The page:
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How to Develop Healthy Sleep Habits

Sleep is important in life, just like air, food and water. It allows your body to heal, boosts your immune system and improves learning and memory. With healthy sleep habits, you are more likely to perform your best, whether you are at home, deployed or away for training.

Common Sleep Myths

Myth: Some people need less sleep than others to function well.

You should try to get seven to eight hours of quality sleep every 24 hours to be mission ready. Research shows that after only one day without sleep, even young, healthy service members lose 25 percent of their ability to think clearly.

Myth: It is better to stay awake for the entire day than to take short naps.

Any sleep is better than none. Short 10 to 30 minute naps during the day can help you recover from sleep loss, increase alertness and improve mood.

Myth: It is possible to go for long periods of time without sleep and still perform well.

You may be part of a mission or effort that requires being awake for longer periods of time. Lack of sleep and fatigue do affect your thinking process and can decrease your attention and reaction time. Proper sleep can make you feel more motivated and focused.

Tips To Improve Sleep Habits at Home

If you have trouble falling asleep:

  • Relax before bed
  • Read or write in a journal
  • Perform breathing exercises or meditate

Avoid stimulants for three to five hours before going to bed, such as:

  • Alcohol
  • Caffeine
  • Nicotine

Create a sleep-ready environment and consider using:

  • A fan to stay cool
  • A sleep mask to reduce light
  • Earplugs to reduce noise

Reset yourself

If more than 20 minutes have passed and you have not fallen asleep, get out of bed and leave the room
Listen to soothing music or read in low light until you become tired. Then, go back to the bedroom and try again to fall asleep

Limit napping

Restrict naps to no more than 25-30 minutes to help feel rested but not groggy
Avoid napping in the late afternoon or evening

If a nightmare wakes you up:

  • Ground yourself
    • Turn on a light and look around your room
  • Name the things you see around you: "That is my dresser. This is my bed. I am in my room."
    • Be patient, it may take a while to remember where you are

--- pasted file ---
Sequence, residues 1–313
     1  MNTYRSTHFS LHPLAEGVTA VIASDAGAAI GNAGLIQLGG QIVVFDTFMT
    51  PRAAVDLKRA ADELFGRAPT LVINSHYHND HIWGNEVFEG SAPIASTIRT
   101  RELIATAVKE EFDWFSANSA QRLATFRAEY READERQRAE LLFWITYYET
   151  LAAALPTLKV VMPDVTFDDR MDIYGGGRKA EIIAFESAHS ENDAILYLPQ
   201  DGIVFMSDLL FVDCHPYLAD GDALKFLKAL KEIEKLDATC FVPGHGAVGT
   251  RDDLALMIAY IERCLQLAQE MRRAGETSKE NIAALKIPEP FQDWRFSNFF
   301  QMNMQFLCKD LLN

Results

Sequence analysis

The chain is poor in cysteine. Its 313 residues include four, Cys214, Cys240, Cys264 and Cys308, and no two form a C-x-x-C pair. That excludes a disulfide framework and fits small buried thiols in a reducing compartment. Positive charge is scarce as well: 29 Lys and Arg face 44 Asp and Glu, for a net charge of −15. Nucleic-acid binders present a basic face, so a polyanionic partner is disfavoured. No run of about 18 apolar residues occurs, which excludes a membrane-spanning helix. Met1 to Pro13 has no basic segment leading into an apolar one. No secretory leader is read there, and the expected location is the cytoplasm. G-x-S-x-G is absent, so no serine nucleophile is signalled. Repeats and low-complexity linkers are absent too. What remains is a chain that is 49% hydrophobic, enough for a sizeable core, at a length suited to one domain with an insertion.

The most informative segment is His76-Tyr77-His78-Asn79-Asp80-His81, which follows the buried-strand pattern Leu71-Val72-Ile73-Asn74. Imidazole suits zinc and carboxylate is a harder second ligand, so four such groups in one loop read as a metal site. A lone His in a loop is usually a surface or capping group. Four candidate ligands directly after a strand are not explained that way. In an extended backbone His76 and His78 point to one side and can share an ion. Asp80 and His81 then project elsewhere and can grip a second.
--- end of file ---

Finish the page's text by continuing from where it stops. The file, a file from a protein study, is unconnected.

• Recall the nightmare
    • Write down what happened. This can make it less scary and help you calm down faster.
  • Remove yourself
    • Get out of bed and go to another room to relax

    Consult a health care professional if you consistently experience trouble sleeping. It is important to take your sleep seriously. Getting enough sleep can help you stay healthy, cope with daily stresses and have a positive outlook on life.

    If you struggle with sleeping, remember that reaching out is a sign of strength. Talk about your sleep concerns with a health care professional before starting any medications, supplements or sleep aids. You can also call the Psychological Health Resource Center at 866-966-1020 to speak with a trained health resource consultant or use the live chat.

    Additional Resources:


    1. Combat Stress. (2000, June 23). U.S. Marine Corps.
    2. Healthy Sleep. (n.d.). U.S. Department of Health and Human Services: National Institutes of Health
    3. The Impact of Sleep Loss on Performance (n.d.). Human Performance Resources by CHAMP.
    4. Importance of Sleep: Six Reasons Not to Scrimp on Sleep. (2006, Jan. 1). Harvard Health Publications, Harvard Medical School.
    5. Morgenthaler, Timothy. (2017, Sept. 21). Insomnia: How Do I Stay Asleep? Mayo Clinic.
    6. Napping: Do's and Don'ts For Healthy Adults. (2018, Nov. 20). Mayo Clinic.
    7. Sleep. (n.d.). eLibrary Reference Materials, Defense Centers of Excellence For Psychological Health and Traumatic Brain Injury.
Last Updated: March 14, 2024
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